In a major setback, the Indian Space Research Organisation (ISRO) on Saturday lost contact with the GSAT-6A, India's most powerful communication satellite, in less than 48 hours of its launch.
"The second orbit raising operation of GSAT-6A satellite has been successfully carried out by LAM Engine firing for about 53 minutes on March 31 in the morning. After the successful long-duration firings, when the satellite was on course to normal operating configurations for the third and final firing, communication from the satellite was lost. Efforts are underway to establish the link with the satellite," ISRO said on its official website on Sunday.
"Efforts are underway to establish the link with the satellite," a statement said.
However, the space agency chose to remain tight-lipped for entire Saturday, though news started creeping around that the satellite suffered a serious setback and scientists and engineers are working hard to correct the glitch in its power system.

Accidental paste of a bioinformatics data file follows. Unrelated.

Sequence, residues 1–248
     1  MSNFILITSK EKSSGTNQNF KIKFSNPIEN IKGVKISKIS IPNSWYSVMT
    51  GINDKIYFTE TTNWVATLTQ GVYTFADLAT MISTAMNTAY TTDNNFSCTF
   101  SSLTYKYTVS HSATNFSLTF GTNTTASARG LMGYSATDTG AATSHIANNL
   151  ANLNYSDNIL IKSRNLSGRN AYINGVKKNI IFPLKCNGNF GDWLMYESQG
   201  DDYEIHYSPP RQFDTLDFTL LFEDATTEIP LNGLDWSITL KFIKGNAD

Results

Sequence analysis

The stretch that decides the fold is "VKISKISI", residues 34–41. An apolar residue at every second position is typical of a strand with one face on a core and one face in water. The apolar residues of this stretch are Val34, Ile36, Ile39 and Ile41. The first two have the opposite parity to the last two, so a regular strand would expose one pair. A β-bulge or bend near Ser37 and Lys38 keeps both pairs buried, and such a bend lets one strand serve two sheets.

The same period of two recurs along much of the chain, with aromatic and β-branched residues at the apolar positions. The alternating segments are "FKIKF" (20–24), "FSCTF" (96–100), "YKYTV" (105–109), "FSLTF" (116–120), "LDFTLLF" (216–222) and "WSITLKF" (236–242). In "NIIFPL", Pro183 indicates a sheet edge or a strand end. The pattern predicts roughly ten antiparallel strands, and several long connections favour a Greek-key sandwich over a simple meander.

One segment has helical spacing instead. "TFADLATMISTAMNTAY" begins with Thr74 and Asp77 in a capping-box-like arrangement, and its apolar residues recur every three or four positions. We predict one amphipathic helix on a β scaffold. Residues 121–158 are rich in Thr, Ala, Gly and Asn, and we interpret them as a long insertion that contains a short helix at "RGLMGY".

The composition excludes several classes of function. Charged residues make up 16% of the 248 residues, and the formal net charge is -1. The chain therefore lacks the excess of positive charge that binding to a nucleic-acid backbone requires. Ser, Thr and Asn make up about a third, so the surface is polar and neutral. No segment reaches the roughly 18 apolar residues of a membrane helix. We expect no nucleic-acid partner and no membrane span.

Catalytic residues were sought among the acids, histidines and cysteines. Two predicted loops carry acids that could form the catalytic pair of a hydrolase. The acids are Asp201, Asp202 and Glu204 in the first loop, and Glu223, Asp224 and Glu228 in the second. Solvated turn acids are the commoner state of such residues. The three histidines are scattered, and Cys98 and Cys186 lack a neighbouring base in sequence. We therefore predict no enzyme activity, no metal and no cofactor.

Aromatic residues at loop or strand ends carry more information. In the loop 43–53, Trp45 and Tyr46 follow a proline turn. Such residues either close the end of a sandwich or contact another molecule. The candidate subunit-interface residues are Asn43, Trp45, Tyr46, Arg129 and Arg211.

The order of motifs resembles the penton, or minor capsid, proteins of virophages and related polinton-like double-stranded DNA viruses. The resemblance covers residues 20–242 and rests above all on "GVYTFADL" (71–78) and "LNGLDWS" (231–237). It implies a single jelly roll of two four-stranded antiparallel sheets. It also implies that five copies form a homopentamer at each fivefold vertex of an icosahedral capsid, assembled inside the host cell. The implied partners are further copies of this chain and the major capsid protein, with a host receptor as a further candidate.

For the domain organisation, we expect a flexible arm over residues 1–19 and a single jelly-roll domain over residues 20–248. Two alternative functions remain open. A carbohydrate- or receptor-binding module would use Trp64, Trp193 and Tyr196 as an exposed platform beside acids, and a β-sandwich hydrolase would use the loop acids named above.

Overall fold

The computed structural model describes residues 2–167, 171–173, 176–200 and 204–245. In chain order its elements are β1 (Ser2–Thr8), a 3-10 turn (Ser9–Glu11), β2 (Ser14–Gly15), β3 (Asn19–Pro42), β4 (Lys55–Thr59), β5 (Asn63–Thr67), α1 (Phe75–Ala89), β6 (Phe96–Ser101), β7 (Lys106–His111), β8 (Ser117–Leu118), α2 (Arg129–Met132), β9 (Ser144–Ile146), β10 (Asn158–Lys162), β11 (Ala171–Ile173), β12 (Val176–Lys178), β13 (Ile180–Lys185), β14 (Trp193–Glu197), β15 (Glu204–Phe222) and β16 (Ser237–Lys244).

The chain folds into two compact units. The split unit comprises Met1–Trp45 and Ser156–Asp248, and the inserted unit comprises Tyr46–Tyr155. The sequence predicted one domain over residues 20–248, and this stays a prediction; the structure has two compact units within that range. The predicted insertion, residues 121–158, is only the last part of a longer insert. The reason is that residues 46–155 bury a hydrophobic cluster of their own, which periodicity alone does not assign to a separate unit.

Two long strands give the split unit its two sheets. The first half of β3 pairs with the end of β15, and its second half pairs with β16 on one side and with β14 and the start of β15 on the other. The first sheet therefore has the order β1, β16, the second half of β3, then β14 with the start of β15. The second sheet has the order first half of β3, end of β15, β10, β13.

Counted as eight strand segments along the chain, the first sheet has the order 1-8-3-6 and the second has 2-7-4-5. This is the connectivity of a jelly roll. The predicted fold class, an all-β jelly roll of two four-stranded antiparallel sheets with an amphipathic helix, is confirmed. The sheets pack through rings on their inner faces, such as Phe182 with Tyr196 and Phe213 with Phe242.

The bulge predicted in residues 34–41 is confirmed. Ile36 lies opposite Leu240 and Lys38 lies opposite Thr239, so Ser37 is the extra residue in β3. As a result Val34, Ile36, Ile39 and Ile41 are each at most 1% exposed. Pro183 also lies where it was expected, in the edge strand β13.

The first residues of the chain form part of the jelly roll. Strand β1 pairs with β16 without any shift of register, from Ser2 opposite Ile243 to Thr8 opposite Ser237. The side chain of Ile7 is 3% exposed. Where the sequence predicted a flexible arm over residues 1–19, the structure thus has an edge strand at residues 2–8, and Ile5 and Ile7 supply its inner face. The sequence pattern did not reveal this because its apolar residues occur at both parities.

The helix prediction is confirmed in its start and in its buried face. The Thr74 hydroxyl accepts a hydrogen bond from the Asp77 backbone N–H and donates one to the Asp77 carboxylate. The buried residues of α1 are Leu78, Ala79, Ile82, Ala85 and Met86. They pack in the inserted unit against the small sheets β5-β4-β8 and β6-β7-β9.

People close to the development suggest that the aberration came into light just after the second orbit-raising carried out successfully at around 9:22 PM on March 30.
However, top officials at ISRO are yet to explain what exactly went wrong with the satellite and whether it can be retrieved or not.
According to scientists, the 2,066-ton home-made satellite, built at a cost of Rs. 270 crore, was able to send and receive signals from hand-held devices. The GSLV-F08/GSAT-6A was successfully launched on Thursday from Satish Dhawan Space Centre in Sriharikota, Andhra Pradesh.